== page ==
|North Adams School Project Will Seek LEED Certification|
|By Tammy Daniels, iBerkshires Staff|
10:46PM / Monday, July 23, 2012
|Kristian Whitsett of Margo Jones Architects reviews energy efficiency standards with the School Building Committee.|
NORTH ADAMS, Mass. — The Conte School project will pursue LEED certification, but at what level is yet to be determined.
Landscape architect Julie Sniezek goes over placement for play areas on the sloped site, including using fill to create a flat area in Colegrove Park.
The School Building Committee approved the Leadership in Energy and Environmental Design program over the new state certification based largely on the familiarity of the federal program for energy and environmental efficiency.
"My feeling is ... if you do MA-CHPS certified or if you do LEEDS, you're pretty much going to have the same building," said Kristian Whitsett of Margo Jones Architects.
In response to questions, Carl Weber of Strategic Building Solutions, the owner's project manager, said he had not worked on any MA-CHPS projects but put that down to its fairly new use and the tendency to use the more familiar LEEDS.
The committee has been debating whether to use the national standard or the Massachusetts Collaborative for High Performance (MA-CHPS) for energy efficiency. There are some differences between the two standards — MA-CHPS is specifically for schools, LEEDS is slightly more in certification costs upfront while the state's includes maintenance afterward — but insignificant enough to sway committee members either way. The certification choice will have no effect on reimbursement because the city is already receiving its maximum of 80 percent.
Member Keith Bona motioned to go with LEEDS, with Matt Neville seconding; the approval was unanimous.
"Our library's certified, people understand the word around here when you say you are LEED certified," said Mayor Richard Alcombright, referring to the public library's bronze certification. "At the end of the day, we're going to have the same building."
Whitsett said guidance from the committee was needed before the architects met with mechanical engineers on Thursday. However, he could only provide broad outline of the potential costs and savings.
"This is for typical commercial buildings," he said of the LEED projections. "In our case, because they use a point system, I'd say we're going to focus most of our points in this area, on getting it as energy efficient as possible for your dollar."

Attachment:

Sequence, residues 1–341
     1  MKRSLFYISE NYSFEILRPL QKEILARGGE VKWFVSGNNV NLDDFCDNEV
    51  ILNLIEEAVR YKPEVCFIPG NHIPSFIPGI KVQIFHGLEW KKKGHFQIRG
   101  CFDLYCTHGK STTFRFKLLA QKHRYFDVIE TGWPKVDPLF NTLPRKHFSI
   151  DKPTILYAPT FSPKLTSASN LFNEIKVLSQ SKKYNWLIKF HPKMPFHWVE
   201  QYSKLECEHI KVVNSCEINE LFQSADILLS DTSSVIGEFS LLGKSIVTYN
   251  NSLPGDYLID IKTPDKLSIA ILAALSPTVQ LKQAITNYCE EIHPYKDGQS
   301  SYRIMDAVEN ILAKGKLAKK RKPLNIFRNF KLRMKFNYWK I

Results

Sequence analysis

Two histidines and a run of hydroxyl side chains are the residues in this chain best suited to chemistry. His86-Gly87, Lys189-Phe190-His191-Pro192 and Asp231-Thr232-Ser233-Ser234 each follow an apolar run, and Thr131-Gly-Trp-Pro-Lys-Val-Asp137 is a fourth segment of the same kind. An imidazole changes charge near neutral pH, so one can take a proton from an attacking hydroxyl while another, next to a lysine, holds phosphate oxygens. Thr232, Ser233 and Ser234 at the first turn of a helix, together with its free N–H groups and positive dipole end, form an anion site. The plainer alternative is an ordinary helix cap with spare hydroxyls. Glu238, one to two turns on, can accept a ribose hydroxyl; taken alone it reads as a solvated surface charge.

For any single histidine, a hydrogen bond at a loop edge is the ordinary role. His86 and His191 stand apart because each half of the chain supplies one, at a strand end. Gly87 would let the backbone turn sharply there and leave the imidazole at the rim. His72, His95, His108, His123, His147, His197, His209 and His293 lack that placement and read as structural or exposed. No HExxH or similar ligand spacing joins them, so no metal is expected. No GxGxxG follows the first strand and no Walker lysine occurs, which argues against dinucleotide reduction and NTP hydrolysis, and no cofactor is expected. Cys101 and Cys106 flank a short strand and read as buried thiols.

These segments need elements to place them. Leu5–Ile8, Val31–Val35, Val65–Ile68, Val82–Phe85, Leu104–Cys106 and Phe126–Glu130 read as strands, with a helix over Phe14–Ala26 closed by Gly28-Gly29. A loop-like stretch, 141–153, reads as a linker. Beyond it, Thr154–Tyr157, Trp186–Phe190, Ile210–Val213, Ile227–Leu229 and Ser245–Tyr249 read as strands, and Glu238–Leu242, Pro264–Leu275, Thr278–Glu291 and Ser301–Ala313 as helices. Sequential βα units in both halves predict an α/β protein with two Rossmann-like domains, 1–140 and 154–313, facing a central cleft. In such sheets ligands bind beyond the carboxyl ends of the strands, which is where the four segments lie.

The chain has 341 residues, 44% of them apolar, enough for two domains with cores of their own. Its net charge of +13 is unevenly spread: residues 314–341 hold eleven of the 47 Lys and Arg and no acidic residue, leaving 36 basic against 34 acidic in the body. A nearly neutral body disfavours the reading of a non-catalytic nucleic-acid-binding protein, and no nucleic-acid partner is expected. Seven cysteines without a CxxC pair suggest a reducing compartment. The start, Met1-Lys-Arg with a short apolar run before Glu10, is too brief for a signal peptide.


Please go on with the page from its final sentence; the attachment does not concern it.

Basic certification would add about 2 percent to construction costs with a payback over about three years; moving up through the levels means extra costs and longer payback with the top level of platinum at 10 percent or more with about a decade payback.
Higher levels usually mean taking into account more environmental issues, such as water runoff, but could also include energy efficiency.
"You can only do so much with so much money," said Weber. "At this point I think it's really hard for us to say if you get a silver or gold what your annual differential, your additional savings will be."
Whitsett said the engineering team would be able to provide more detailed options and costs for each LEED level.
Whitsett also reviewed some of the interior design changes. Committee members expressed concern that access to the hallway restrooms when the gymnasium and cafeteria were used after hours could be a security issue. They also pointed to the need for more storage for the gymnasium area, particularly for chairs and sports equipment.
The committee indicated it was interested in at least partially air conditioning the building; Whitsett said he could provide more cost estimates after meeting with the engineers.
A lengthy discussion occurred over the placement of parking and play areas for students, as well as the configuration of the bus drop off on East Main Street. Julie Sniezek of Guntlow & Associates offered a proposal developed from input of the working group earlier in the month that had 54 parking spaces with the option of a half-court in the back that could be used for 16 spots in the evening, and three separate play areas dependent on grades.
The committee seemed OK with play areas for the younger pupils on the East Main Street side but indicated a preference for moving the half-court to the Church Street side, in Colegrove Park, to open up parking. Superintendent of Schools James Montepare and the mayor asked if the terraced play area on the Church Street side could be moved higher for better access.
Sniezek said she thought that would complicate the topography by possibly requiring a retaining wall or at least a steep slope but will review the parking issue and the use of Colgrove. A proposal for using the bottom of Colegrove Park as a busing drop off was rejected as impractical because of the slope on the north side.
The next working group meeting will be held Aug. 7 with teachers and staff and the full committee will meet Aug. 27, when it will be expected to make a decision on whether to bid as "CM at-risk" or regular "Design Bid and Build."